REMINDER: Electronically Submit OSHA 300A Annual Summaries to OSHA Because OSHA Penalties Just Keep Going Up
This is a friendly reminder that certain employers covered by the OSHA 300 recordkeeping standard must submit electronic copies of the 300A to OSHA by March 2, 2023 using the OSHA Injury Tracking Application (ITA). Covered employers must submit their 2022 Form 300A data to OSHA through OSHA’s ITA online portal if they have 250 or more employees or have 20–249 employees and are listed on OSHA’s list of high-risk industries. This electronic reporting requirement is based on the size of the establishment (how many employees are at the physical location), and not a company’s overall headcount. OSHA has provided a web-based tool to help confirm whether you are required to file. Also, this filing requirement is separate from the requirement to post the 2022 300A annual summary of work-related injuries and illnesses by February 1, 2023, and keep the summary report posted in a common area until April 30, 2023.
All employers required to keep the OSHA 300 Injury and Illness Log must utilize the annual summary Form 300A to comply with posting and filing requirements -- even if there have been no recordable injuries or illnesses for the year. The summary Form 300A reports an employer’s total year-end number of fatalities, missed workdays due to injury or illness on the job, job transfers or restrictions, and injuries and illnesses. OSHA can use the information to send out warning letters, conduct inspections, and target employers who properly record injuries and illnesses if they happen to have injury and illness rates above their industry average. The Injury Tracking Application data is also available online, making it accessible to competitors, labor unions, and employees. Employee-centered interest groups are also likely to weaponize the publication of work injury and illness data for use in organizing campaigns or to submit complaints to OSHA.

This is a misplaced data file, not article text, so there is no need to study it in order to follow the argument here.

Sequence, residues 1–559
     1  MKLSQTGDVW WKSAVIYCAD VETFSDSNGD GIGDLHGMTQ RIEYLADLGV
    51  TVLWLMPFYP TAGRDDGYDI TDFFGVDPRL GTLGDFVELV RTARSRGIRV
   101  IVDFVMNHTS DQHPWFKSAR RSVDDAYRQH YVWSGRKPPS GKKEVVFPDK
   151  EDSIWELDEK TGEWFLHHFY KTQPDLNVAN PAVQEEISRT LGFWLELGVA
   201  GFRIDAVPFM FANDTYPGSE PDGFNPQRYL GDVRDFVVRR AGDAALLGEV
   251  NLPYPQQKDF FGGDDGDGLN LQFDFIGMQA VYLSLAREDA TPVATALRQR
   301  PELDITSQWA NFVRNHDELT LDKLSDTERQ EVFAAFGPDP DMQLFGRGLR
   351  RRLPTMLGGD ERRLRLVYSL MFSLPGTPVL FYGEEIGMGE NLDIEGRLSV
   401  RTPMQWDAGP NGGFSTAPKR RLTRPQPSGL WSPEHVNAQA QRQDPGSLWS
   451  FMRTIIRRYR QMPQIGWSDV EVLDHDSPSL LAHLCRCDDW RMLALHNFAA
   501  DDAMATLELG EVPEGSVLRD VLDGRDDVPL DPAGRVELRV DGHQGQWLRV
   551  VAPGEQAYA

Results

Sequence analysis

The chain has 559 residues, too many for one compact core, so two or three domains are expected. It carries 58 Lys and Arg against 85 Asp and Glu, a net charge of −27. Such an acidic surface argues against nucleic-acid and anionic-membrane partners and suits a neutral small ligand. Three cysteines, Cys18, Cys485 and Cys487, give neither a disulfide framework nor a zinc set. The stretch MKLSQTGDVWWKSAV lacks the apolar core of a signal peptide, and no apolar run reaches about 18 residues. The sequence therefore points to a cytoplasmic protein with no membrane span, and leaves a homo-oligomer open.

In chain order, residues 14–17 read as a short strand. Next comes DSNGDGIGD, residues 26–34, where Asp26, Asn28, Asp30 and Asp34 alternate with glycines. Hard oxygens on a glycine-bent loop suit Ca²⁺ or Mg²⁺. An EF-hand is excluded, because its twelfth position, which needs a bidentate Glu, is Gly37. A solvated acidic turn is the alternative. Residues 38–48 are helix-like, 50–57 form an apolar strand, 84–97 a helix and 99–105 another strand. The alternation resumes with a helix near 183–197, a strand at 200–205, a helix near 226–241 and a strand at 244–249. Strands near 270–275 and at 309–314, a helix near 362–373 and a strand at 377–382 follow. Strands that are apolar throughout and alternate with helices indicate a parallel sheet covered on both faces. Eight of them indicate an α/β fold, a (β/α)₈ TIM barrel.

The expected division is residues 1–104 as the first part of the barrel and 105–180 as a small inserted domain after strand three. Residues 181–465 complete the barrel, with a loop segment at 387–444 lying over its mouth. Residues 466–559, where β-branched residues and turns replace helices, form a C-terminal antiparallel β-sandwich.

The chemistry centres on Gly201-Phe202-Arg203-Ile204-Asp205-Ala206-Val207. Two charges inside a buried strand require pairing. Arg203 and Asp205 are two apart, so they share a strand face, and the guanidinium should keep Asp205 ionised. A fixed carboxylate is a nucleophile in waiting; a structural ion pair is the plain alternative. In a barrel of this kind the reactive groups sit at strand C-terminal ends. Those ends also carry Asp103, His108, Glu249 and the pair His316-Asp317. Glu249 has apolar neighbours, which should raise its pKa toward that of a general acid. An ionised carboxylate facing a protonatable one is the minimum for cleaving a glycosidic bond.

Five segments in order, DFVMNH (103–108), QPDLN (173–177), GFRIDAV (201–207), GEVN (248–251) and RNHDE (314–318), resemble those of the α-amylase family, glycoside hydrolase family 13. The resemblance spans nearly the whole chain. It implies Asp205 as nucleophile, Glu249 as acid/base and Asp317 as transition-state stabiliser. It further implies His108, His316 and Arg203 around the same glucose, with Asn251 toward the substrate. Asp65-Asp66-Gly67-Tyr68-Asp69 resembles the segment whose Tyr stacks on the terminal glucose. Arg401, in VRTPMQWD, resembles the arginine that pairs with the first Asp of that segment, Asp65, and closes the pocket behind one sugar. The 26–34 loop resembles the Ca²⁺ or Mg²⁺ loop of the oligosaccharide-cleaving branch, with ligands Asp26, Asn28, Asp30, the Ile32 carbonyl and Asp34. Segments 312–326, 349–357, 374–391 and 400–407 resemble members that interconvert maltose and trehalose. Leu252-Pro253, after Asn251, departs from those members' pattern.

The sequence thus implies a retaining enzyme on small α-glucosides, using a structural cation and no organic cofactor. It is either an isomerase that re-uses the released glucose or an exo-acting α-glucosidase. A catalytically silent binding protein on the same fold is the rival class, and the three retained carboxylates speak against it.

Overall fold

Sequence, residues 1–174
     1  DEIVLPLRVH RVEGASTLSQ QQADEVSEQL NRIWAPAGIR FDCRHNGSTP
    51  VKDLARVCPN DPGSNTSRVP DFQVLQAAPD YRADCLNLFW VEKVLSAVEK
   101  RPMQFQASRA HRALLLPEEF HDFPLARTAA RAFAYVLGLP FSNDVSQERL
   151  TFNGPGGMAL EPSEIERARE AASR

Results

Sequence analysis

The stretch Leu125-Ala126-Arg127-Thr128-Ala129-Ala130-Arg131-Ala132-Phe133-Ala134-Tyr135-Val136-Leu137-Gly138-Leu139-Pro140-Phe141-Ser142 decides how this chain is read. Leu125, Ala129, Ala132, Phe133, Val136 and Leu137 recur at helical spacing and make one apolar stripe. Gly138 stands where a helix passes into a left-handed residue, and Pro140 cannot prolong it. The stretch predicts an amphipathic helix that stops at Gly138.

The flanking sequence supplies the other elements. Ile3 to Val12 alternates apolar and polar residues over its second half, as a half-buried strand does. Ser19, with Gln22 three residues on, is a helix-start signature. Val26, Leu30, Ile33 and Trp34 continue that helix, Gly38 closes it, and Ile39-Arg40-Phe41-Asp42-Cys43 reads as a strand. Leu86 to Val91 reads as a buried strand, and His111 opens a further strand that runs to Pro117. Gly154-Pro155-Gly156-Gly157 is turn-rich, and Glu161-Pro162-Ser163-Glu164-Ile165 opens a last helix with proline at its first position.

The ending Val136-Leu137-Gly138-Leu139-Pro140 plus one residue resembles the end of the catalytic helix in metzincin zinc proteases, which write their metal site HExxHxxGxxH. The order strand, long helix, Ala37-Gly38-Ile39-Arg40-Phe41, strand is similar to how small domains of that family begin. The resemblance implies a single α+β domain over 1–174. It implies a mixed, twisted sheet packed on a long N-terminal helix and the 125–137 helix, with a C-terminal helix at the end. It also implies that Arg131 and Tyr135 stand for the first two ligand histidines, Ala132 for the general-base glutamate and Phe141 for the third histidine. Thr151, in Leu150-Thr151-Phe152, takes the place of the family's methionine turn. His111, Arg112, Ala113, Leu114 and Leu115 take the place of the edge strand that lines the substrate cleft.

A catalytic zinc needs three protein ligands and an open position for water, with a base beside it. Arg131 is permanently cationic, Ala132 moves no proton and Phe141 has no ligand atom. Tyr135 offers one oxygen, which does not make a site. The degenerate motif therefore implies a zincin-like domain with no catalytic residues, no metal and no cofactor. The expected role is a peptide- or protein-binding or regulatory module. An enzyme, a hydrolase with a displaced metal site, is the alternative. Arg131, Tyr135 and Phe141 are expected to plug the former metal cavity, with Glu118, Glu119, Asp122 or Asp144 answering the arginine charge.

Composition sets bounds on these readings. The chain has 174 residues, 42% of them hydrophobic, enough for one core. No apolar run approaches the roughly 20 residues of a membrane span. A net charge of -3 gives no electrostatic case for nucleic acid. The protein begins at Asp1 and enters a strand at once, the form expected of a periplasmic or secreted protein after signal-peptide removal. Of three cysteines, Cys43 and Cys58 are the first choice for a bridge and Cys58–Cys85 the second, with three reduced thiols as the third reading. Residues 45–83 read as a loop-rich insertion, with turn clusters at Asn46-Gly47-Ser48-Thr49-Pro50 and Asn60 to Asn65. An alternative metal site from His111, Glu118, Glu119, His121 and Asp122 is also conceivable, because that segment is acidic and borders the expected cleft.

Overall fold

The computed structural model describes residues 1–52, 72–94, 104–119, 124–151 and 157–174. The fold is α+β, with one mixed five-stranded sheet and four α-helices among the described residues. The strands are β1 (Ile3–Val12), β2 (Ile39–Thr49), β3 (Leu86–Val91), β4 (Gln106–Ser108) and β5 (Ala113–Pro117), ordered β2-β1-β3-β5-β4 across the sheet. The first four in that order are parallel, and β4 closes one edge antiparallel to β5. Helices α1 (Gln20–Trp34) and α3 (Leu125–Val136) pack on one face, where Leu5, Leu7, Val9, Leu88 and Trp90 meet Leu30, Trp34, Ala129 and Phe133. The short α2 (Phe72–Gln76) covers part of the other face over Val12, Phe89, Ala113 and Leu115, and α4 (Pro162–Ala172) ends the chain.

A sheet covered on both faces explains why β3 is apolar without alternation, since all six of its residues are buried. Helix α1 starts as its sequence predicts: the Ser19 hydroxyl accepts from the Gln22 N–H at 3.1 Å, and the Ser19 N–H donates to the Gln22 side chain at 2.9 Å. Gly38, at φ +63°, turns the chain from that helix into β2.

OSHA’s record-keeping requirements are not intuitive. Employers should review data for technical errors and also review accident reports, first aid logs, and other related materials to ensure that these records are consistent as to recordable incidents. OSHA requires that employers correct records looking back five years, if mistakes are discovered. OSHA recently announced that it would consider issuing citations on an “instance-by-instance” basis for recordkeeping violations, meaning that penalties might add up quickly if OSHA believes that an employer undercounted work-related injuries and illnesses.
Employers that have questions about whether an injury was recordable and how to record an injury should review the regulations and guidance carefully or ask for help. This year, OSHA penalties increased by 7.75 percent. The maximum penalty for other-than-serious and serious citations will be $15,625 per violation and the maximum penalty for willful or repeated citations will be $156,259 per violation. Additionally, the minimum penalty for a willful or repeated violation will increase to $11,162 per violation.
The Firm will be offering a webinar focused on OSHA recordkeeping requirements on March 14, 2023. Register here. In the meantime, please contact your servicing Laner Muchin attorney if you have questions about complying with OSHA requirements.